MIA MADRE || 2015, Italy / France / Germany || Drama || Directed by – Nanni Moretti / Written by – Nanni Moretti, Valia Santella, Gaia Manzini, Chiara Valerio, Francesco Piccolo / Produced by – Rémi Burah, Jean Labadie, Nanni Moretti, Domenico Procacci, Olivier Pére / Cinematography by – Arnaldo Catinari / Editing by – Clelio Benevento / Production design by – Paola Bizzarri / Starring – Margerita Buy, John Turturro, Nanni Moretti / Running time: 106 mins.
Nanni Moretti’s My Mother is neither his most provocative nor his most ambitious work to date, but it is near damn perfect. It is the story of two siblings as they face mortality in taking care of their hospitalised elderly mother, in her dying days. Because death is a natural part of life, and life goes on, Margherita, the female filmmaker whose life we follow, carries on with her work on set filming her new project with a strong proletariat statement, takes care of her daughter who is flunking latin and goes through other simple everyday struggles.
Margherita Buy delivers a true powerhouse performance in this central role, the type of performance that was required. She is an imposing presence on the screen, sensible to both her character’s strengths and vulnerabilities. She carries a large weight of the film on her shoulders, by even orchestrating the tone changes in individual sequences through sudden absent minded blank stares, tired eyes and concerned looks even in the most outrageous of situations – such as her interactions with her self obsessed American leading actor played by an histrionic John Turturro, from whom most of the film’s hilarity comes from. Moretti himself plays a small role as the other sibling, who is on the verge of making a drastic lifestyle change, starting from his career path.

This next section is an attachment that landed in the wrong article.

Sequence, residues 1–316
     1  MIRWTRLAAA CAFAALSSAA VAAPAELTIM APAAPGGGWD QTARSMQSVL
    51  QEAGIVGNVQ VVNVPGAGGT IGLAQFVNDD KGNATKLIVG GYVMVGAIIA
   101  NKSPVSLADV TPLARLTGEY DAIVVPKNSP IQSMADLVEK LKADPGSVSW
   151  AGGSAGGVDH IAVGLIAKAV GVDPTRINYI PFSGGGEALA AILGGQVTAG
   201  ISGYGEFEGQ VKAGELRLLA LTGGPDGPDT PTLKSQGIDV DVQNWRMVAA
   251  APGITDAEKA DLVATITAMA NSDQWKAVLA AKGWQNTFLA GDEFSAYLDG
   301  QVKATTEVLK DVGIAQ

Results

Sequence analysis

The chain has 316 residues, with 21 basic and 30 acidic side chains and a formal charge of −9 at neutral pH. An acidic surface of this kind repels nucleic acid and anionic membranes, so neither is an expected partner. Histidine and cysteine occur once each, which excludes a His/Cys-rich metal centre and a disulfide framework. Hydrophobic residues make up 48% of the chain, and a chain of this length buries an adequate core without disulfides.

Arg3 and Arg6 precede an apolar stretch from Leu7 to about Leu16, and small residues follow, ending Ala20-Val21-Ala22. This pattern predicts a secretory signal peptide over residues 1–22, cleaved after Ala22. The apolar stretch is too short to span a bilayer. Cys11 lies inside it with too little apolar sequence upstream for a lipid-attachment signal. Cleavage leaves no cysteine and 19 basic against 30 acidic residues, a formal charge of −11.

Margherita Buy is the extension of a very complete character examination, which Nanni Moretti presents in great detail. Aside from it being a most excellent example of female representation in cinema, it is whole because it also allows us a direct peak inside her mind aside from focusing on every aspect of her life – not only her work life and family life, but also her love life and sex life – even her dreams, through sequences of understated poetry.
The devil in this case is in the detail. For instance, in one of the sequences, she wakes up one night from one of her nightmares involving her mother to find her house is flooded. In another instance, she aims to fight a sudden sadness by calling up the man whom she recently broke up with, and the reason we can very well assume, is more sexual than romantic, therefore shamelessly selfish. She is not perfect, but she is very real real.
Overall, the film doesn’t have the tension or urgency of The Son’s Room, despite dealing with the theme of death. It is far more introspective and meditative, but the overall impression is that the send off given to her mother is as peaceful and happy as they come. Nevertheless, My Mother takes particular care in representing the delicate situation by remaining true to the natural flow of everyday life, and widely avoiding overstated melodrama. On top of this, it is represented by Moretti’s usual characteristic filmmaking language, that often abruptly sees a stark alternation of funny sequences with deeply dramatic ones. Because, after all, as it’s well documented, the revered filmmaker absolutely hates rhetoric. – 4/5